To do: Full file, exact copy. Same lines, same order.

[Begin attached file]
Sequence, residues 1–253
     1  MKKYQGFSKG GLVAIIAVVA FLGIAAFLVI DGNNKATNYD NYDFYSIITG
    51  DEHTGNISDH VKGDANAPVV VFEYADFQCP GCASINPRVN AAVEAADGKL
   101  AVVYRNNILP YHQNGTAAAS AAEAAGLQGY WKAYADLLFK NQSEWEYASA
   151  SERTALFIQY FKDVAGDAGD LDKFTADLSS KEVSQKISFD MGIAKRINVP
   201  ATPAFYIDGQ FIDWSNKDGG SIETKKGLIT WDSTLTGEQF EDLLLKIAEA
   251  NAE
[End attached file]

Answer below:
Sequence, residues 1–253
     1  MKKYQGFSKG GLVAIIAVVA FLGIAAFLVI DGNNKATNYD NYDFYSIITG
    51  DEHTGNISDH VKGDANAPVV VFEYADFQCP GCASINPRVN AAVEAADGKL
   101  AVVYRNNILP YHQNGTAAAS AAEAAGLQGY WKAYADLLFK NQSEWEYASA
   151  SERTALFIQY FKDVAGDAGD LDKFTADLSS KEVSQKISFD MGIAKRINVP
   201  ATPAFYIDGQ FIDWSNKDGG SIETKKGLIT WDSTLTGEQF EDLLLKIAEA
   251  NAE